Going out to lunch was all part of a secret and detailed plan to move him, without distress, into a nursing home.It’s five years since Howard was diagnosed with Alzheimer’s and at least ten since his symptoms first appeared in his early 60s.His rainbow collection of bow ties is still in a bedroom drawer, abandoned when sweatshirts and trackie bottoms became a more practical dress code. He may no longer experience joy but neither does he feel sad. I keep meaning to offer them to one of his equally dapper friends but I’m not quite ready to let the=m go. As Howard’s condition progressed, his moods had become volatile.There were moments every day when he didn’t know who I was, and cracks were appearing in my own health: flu, shingles, falling asleep in the middle of the day. That was when I was forced to admit that the unthinkable had become a necessity.The first evening I ventured out alone I felt off-balance. I enjoy this new freedom, and yet sometimes I catch myself just going through the motions. We downsized last year, tailoring ourselves to a shrinking income and to Howard’s need for a simple, one-level layout.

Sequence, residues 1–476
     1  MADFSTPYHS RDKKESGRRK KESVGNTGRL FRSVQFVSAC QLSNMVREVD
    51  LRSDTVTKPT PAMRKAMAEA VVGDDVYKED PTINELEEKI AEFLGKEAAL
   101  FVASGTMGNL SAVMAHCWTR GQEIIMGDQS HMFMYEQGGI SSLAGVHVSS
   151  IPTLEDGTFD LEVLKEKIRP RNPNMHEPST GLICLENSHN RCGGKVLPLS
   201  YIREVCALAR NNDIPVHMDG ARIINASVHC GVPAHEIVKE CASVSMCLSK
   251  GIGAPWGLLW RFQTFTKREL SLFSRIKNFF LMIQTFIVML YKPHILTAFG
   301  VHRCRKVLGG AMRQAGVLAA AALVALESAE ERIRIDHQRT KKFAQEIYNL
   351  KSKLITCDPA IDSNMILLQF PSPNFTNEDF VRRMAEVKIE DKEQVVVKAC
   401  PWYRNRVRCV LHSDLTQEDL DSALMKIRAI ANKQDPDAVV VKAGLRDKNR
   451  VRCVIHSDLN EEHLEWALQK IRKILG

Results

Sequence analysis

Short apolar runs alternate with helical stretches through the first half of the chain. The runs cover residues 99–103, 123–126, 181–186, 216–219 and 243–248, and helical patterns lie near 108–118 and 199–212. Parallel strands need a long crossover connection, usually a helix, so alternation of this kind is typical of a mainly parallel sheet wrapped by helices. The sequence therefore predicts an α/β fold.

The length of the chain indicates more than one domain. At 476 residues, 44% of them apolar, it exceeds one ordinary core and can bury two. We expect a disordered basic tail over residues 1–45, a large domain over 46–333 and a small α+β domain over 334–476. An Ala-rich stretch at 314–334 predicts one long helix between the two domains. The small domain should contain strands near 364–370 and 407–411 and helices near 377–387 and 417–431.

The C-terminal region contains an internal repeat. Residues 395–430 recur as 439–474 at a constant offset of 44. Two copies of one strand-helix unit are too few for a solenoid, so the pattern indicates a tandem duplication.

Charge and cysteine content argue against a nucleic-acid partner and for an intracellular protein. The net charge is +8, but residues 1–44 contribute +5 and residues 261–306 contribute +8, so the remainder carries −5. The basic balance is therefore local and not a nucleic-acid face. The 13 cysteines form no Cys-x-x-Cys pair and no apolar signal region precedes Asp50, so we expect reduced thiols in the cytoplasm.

Dementia had curtailed our social life for the past few years and I’ve become accustomed to solitude. For the first time in years, I’m now free to come and go as I please and I’ve begun visiting friends and family.The days sped by, until the final 24 hours which slowed to an agonising crawl: our last walk by the harbour, our last dinner, our last night of sharing a bed.As the clock ticked towards Howard’s lunch date I managed to keep it together. ‘See you later,’ I lied, and watched the car drive away.On May 17 my husband left our apartment around 12.30pm to have lunch with one of his daughters.
What I knew, but he did not, was that he would never come home again.
At the beginning he was still able to work, drive and generally care for himself.